felt and lived. 755. p. 745-752) and Gerard Manley Hopkins (pp. 761f. 755-765). p. 128 Taylor. Christianity. pp. Dostoyevsky. Ordinary language had been “flattened. Jacques Maritain. pp. Taylor also points to examples of those who explored new itineraries through prayer and action: John Maine. He celebrated the creative and unique force of particular existing things in relation to God.S.128 He sought a new poetic language that would help show people the way back to the God of Abraham. Socialism. They had an intuition that “the immanent frame was confining. and left something vital out…”125 At least four “Mystiques” have inspired human beings to make a new beginning: Greek thought. Taylor suggests that “more than one such animating ideal can fit together into one life. Jean Vanier. John Wesley. Bede Griffiths. emptied…as though its only function were the instrumental one. 729. Things make sense in a wholly new way.”124 Many great conversions involve a transformation of the frame in which people thought. 125 Taylor. Chesterton. St. G. Taylor focuses especially upon Charles Peguy (pp. and Thomas Merton. Francis.” 127 Taylor.K. Jews and Judaism. Teresa. Taylor. Eliot.127 Hopkins felt “the sordidness of things” in the urban industrial England of his day. They bring into view something beyond that frame.love.126 The poet Gerard Manley Hopkins (1844-1889) offers an example of a surprising new itinerary in his search to recover “an aesthetic dimension” in life. Mother Taylor. 124 123 31 . 758. Jonathan Edwards. and charismatic leaders such as St.129 Besides highlighting literary figures. 126 Taylor.” This incapacity of language corresponds to an incapacity of our being as our lives too are reduced and flattened. 734. and Vaclav Havel. people who offer “striking examples of a surprising new itinerary. p. 761. even stifling. T. 749. Some examples would include saints. Taylor includes the stories of Walker Percy. Taylor points to “pioneers of new itineraries” in Western modernity in the last 200 years. p. prophets.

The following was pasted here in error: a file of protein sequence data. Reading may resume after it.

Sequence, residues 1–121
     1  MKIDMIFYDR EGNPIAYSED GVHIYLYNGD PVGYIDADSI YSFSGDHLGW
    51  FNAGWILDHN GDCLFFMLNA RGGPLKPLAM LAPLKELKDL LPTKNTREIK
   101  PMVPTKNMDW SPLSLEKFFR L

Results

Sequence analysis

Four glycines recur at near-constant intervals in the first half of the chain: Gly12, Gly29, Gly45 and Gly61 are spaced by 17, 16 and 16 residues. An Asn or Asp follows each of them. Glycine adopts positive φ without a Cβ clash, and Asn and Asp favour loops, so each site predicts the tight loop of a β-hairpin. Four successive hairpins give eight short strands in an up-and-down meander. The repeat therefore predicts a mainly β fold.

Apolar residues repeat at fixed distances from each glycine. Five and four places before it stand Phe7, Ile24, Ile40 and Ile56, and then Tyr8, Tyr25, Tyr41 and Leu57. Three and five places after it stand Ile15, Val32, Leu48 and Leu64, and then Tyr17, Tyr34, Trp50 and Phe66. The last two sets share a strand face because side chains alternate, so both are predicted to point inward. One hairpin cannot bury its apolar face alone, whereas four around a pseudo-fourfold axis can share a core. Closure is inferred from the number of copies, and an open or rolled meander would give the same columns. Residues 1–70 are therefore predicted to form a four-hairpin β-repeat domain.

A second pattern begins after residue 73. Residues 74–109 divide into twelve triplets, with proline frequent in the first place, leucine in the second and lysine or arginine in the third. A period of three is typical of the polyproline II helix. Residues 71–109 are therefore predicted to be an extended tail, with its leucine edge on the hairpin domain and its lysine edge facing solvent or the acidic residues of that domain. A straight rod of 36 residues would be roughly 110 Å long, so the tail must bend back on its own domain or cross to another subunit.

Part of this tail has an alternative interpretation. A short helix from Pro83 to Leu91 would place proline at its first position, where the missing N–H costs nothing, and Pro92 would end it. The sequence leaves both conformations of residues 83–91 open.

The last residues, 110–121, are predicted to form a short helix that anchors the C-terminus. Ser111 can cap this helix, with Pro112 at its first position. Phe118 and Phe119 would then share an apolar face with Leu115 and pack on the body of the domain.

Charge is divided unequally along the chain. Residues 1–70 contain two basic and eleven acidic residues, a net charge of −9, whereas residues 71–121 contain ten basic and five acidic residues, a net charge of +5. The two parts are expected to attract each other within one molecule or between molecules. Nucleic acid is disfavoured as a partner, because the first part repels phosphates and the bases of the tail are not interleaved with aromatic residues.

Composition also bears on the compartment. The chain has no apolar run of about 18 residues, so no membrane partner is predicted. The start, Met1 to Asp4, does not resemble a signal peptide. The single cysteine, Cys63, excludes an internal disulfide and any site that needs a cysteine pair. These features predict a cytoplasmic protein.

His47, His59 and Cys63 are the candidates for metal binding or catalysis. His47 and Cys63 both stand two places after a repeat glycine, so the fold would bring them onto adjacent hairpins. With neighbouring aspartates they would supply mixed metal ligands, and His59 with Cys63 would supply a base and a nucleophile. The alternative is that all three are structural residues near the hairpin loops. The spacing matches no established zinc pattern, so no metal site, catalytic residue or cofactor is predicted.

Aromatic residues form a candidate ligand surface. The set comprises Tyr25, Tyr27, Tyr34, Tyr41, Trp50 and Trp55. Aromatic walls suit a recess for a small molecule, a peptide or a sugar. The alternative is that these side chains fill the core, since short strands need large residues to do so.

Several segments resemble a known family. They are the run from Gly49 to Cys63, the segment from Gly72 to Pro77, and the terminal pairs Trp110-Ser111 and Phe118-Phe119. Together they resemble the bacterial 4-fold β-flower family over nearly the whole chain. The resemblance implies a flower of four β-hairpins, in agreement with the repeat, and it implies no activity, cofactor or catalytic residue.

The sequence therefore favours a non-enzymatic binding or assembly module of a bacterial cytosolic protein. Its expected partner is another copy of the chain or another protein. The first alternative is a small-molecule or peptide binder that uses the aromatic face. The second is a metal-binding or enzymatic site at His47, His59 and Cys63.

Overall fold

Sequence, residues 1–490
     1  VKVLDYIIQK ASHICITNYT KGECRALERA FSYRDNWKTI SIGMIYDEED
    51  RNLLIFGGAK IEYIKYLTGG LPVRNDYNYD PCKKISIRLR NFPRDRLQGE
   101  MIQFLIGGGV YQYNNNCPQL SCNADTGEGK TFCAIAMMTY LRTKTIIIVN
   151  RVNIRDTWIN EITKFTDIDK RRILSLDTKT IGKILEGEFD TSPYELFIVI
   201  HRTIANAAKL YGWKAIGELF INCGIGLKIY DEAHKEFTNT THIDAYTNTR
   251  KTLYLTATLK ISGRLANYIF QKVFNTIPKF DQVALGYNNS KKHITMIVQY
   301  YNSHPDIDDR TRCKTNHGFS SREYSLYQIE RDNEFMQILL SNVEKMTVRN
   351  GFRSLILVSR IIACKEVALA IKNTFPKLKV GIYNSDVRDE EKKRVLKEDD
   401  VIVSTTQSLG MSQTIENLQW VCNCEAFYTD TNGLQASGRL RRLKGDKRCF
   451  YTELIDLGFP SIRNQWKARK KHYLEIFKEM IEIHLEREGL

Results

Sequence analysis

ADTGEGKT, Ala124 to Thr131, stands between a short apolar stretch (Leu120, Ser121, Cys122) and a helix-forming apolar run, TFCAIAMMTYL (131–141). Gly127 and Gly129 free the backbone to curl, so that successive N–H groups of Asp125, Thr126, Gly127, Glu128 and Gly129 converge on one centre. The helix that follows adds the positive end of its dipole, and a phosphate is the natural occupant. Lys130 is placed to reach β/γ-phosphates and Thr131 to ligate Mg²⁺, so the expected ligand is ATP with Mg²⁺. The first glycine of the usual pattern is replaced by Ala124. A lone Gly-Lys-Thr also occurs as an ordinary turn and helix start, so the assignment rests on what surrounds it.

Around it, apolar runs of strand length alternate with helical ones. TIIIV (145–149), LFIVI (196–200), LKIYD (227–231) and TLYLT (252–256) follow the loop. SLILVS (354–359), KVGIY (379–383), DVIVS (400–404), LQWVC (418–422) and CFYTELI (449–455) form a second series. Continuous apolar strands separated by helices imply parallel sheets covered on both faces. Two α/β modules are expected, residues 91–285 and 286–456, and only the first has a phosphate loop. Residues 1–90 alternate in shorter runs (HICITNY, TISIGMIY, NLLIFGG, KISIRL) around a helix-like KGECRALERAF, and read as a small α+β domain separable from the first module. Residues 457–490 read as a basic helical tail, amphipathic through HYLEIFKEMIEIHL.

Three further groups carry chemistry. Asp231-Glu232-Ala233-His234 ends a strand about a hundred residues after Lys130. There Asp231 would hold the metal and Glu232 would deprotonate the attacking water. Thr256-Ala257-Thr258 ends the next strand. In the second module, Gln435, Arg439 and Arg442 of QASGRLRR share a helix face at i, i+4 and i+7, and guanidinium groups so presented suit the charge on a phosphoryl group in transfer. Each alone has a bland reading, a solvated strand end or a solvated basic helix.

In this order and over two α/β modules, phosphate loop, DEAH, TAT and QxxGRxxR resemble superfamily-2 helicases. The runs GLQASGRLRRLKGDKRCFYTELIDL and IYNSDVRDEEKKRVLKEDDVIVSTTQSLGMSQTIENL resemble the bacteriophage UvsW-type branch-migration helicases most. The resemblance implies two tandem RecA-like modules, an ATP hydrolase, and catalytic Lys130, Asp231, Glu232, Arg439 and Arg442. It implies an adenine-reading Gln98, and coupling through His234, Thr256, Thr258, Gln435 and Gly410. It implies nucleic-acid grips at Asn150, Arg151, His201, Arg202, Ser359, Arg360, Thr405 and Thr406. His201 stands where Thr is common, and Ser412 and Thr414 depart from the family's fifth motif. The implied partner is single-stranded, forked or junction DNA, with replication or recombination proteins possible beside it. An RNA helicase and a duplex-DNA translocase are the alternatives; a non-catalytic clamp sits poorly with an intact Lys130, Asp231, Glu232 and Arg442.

5. politically. Charles Taylor. p. as we join Taylor on a fascinating tour of the last five hundred years. pp. Hegel. In many ways A Secular Age is a one volume introduction to some of the great thinkers and issues in Western intellectual history.133 Although not every Christian will find the book to their 129 130 Taylor. It is Taylor’s hope that his project will “open doors for people” to the spiritual traditions that we are losing. and religiously. “Roundtable: SSRC Salutes Charles Taylor. Heidegger. It is not dull. 132 Elizabeth Shakman Hurd. “There is no one single paradigm of Christian order.” 32 .” 131 Ruth Abbey. and Wittgenstein. 755. The book is an intellectual travelogue. At a place like Taize people can get in contact with these languages of transcendence in their own way. Ruth Abbey observed: “Taylor’s position is worked out in conversation and contest with some of the major figures of the western philosophical tradition.” Among those who have impacted his thinking are Aristotle. pp. Herder. and organizing ourselves socially.”130 Critiquing Charles Taylor’s A Secular Age Strengths 1) Taylor is a master teacher. 757. past or present.” She spoke of Taylor’s “immersion in the history of western thought.131 Taylor’s book helps us to understand modern Western habits and ways of thinking. 765f. It is wrong to give decisive priority and paradigmatic status to one historically-embedded order of Christian life. Rousseau.”132 2) Taylor has a deep practical Christian concern. knowing. All of them remind us of “the rich variety of paths to God. Taylor.Teresa. He offers a “philosophically and spiritually rich history of the present. These various itineraries cannot be identified with any one age or paradigm.